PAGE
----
6. Deltapark Neeltje Jans

This is the perfect place to visit if you want to learn more about the Netherlands’ unending battle with the North Sea. This education center/theme park includes sea lion displays, aquariums, and visits to storm surge barriers. A boat trip is offered which showcases the area’s natural habitats and the nearby national park. It is the educational aspect which will really interest you though, as you learn of a country which has been battered by and (for now) mastered nature’s greatest weapon. Learn about the 1953 North Sea Flood with images and special effects, as well seeing one of the Netherland’s crucial storm surge barriers — feats of engineering which protect the 17 million or so inhabitants of the modern-day Kingdom of the Low Countries.

7. Schiedam

Rotterdam is one of the Netherlands’ biggest and culturally diverse cities, but just outside the center is the city of Schiedam, which is perhaps a too often overlooked place to visit.  As with almost all of the northern part of the country, water dominates Schiedam. The canals which flow through the town make for a postcard-perfect scene but are also crucial to the city’s history. Schiedam’s main industry is that of jenever, or gin. Trade with France and Britain flourished in the 18th Century as boats came through to dock in the mammoth port of Rotterdam downstream — you can learn all about Schiedam’s so called “golden age” at the National Jenever Museum, which sits right on top of a canal. Other attractions include the world’s tallest windmill — if that doesn’t draw you in, nothing will.

8. The Caves of Mount St. Peter      

There is a reason that the Netherlands is known as one of the three “low countries”. Mount Saint Peter, at just 171 meters high Mount Saint Peter (just outside Maastricht) is one of the country’s highest points. The interesting part about Mount Saint Peter is not above ground though, but rather below it. Manmade tunnel systems run for over 80 km underneath the hill, originally built for the defense of the city and used extensively during the Second World War as a makeshift air-raid shelter. Today you can take a tour of the tunnels and learn all about their fascinating history — it’s certainly a unique experience in a country whose territory mostly lies below sea level!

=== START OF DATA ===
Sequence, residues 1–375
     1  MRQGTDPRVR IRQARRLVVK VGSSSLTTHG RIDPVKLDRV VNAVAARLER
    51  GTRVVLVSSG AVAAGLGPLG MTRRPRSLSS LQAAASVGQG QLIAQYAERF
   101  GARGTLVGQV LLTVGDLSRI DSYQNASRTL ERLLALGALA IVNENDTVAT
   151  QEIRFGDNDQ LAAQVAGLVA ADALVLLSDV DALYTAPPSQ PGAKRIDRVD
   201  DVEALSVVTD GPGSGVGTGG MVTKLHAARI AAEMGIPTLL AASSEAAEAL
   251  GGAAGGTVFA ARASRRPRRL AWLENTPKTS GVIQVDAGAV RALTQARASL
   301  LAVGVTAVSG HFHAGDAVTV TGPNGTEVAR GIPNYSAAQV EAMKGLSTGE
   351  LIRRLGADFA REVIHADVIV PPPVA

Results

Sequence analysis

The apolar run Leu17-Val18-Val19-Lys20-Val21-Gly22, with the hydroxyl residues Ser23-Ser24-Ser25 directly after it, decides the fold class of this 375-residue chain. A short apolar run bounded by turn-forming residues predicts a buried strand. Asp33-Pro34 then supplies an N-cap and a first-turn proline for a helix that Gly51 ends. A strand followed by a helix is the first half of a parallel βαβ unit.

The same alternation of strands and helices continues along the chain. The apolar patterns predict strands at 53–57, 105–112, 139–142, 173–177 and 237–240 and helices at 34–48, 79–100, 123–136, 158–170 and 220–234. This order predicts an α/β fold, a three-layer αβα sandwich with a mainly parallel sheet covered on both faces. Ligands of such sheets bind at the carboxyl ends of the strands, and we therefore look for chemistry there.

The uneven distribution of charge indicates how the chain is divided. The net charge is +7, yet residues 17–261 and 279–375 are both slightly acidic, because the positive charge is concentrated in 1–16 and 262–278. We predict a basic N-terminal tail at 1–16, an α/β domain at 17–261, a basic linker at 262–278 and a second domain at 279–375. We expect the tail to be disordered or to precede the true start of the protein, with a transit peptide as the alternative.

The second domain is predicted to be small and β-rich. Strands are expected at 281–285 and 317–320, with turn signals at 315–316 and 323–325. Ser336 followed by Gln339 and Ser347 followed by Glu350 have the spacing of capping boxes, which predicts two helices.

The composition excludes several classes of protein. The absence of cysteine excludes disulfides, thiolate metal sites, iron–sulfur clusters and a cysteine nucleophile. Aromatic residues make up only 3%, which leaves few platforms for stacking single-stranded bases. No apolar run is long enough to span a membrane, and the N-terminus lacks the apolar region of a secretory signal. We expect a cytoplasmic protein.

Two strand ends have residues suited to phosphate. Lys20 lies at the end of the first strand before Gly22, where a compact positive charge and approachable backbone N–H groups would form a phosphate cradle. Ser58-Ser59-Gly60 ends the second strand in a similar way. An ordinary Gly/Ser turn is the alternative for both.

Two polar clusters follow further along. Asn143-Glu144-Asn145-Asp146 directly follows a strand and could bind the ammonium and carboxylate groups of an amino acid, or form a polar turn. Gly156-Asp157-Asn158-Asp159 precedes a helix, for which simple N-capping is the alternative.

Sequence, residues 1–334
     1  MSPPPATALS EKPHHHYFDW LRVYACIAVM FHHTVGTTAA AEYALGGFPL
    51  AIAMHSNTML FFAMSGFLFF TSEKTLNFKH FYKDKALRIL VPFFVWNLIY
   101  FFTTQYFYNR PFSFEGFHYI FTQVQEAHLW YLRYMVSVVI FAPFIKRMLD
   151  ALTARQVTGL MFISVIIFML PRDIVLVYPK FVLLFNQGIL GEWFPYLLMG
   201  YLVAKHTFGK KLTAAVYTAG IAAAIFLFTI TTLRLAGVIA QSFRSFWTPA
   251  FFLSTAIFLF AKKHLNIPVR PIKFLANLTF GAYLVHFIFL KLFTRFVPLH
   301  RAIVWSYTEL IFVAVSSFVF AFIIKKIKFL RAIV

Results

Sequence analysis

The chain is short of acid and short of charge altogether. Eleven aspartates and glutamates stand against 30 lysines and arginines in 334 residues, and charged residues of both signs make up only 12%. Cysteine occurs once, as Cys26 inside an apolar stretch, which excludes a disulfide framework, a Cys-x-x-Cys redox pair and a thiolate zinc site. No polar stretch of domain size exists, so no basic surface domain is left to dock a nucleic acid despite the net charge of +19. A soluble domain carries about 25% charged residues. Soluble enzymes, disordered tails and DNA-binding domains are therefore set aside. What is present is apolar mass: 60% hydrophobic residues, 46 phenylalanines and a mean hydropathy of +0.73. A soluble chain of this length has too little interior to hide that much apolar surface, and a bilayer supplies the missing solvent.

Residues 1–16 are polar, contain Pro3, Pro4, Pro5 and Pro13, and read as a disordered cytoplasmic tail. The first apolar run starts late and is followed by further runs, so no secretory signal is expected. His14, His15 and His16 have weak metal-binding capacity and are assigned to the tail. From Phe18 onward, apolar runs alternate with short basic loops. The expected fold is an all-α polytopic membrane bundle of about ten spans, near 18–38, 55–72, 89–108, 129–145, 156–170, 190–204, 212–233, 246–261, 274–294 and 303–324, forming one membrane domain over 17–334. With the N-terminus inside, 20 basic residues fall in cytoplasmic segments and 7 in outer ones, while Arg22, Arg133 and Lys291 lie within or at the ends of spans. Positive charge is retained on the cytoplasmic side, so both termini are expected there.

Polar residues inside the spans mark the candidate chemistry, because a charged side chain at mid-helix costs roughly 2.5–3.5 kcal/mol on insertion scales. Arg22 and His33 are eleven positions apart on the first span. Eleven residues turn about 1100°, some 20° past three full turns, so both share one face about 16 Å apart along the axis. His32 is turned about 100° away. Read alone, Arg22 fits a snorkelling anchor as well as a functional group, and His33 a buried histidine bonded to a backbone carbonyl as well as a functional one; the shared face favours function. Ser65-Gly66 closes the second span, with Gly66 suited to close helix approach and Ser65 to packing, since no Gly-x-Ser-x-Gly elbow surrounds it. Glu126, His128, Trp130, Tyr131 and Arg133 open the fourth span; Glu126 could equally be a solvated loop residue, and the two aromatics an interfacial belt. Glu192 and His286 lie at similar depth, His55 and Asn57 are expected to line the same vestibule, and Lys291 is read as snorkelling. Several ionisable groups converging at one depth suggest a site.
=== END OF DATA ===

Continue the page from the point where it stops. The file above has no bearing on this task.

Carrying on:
9. Nederlands Openlucht Museum

Museums are not first on everybody’s day-out list — some of them can be overwhelming and a little tedious. The Nederlands Openlucht Museum (The Open-Air Museum in English) is unique and well worth a visit, though. Old buildings and objects have been meticulously collected to create several sections designed to show what life was like in the Netherlands in the past. Highlights include a blacksmith display and the telling of an old folk story in an enchanted forest, but there is lots to explore on the vast site, including an old Dutch tram to ferry you around. The museum is located in Arnhem in the southern province of Gelderland, around an hour away from our communities in Amsterdam and Rotterdam — this is one attraction which might not be shouted about much but it is certainly an interesting day out.

10. Nuenen

This one is probably more known than some of the other places on this list, but (one of) Van Gogh’s home villages is your archetypal Dutch town. Windmills and small lakes are dotted around the settlement, with postcard-perfect cottages lining the small and narrow lanes. Of course, there is an interesting exhibition dedicated to the great artist (cleverly dubbed the “Vincentre”), but perhaps of more interest is the cycle path between the town and nearby Eindhoven, which, thanks to specially painted stone, lights up as Van Gogh’s “Starry Night” when it gets dark. There’s also a different side of history to be discovered at Nuenen — the town was at the heart of a crucial Second World War battle called “Operation Market Garden”, and you can learn about the ins and outs on a battlefield tour. All in all, this makes Nuenen a decent day-trip from our community in Eindhoven — just a half hour bike ride away.